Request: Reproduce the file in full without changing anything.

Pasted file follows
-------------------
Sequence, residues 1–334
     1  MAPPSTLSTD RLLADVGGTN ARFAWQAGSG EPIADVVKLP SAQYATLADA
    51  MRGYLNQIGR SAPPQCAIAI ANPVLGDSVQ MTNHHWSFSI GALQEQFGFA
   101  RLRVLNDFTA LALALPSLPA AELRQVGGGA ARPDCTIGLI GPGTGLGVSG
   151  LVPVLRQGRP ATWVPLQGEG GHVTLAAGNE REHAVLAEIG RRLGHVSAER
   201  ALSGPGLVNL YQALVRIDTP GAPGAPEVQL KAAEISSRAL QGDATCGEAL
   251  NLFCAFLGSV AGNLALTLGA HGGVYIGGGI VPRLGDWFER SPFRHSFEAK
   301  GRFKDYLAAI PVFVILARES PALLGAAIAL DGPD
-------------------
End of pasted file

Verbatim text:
Sequence, residues 1–334
     1  MAPPSTLSTD RLLADVGGTN ARFAWQAGSG EPIADVVKLP SAQYATLADA
    51  MRGYLNQIGR SAPPQCAIAI ANPVLGDSVQ MTNHHWSFSI GALQEQFGFA
   101  RLRVLNDFTA LALALPSLPA AELRQVGGGA ARPDCTIGLI GPGTGLGVSG
   151  LVPVLRQGRP ATWVPLQGEG GHVTLAAGNE REHAVLAEIG RRLGHVSAER
   201  ALSGPGLVNL YQALVRIDTP GAPGAPEVQL KAAEISSRAL QGDATCGEAL
   251  NLFCAFLGSV AGNLALTLGA HGGVYIGGGI VPRLGDWFER SPFRHSFEAK
   301  GRFKDYLAAI PVFVILARES PALLGAAIAL DGPD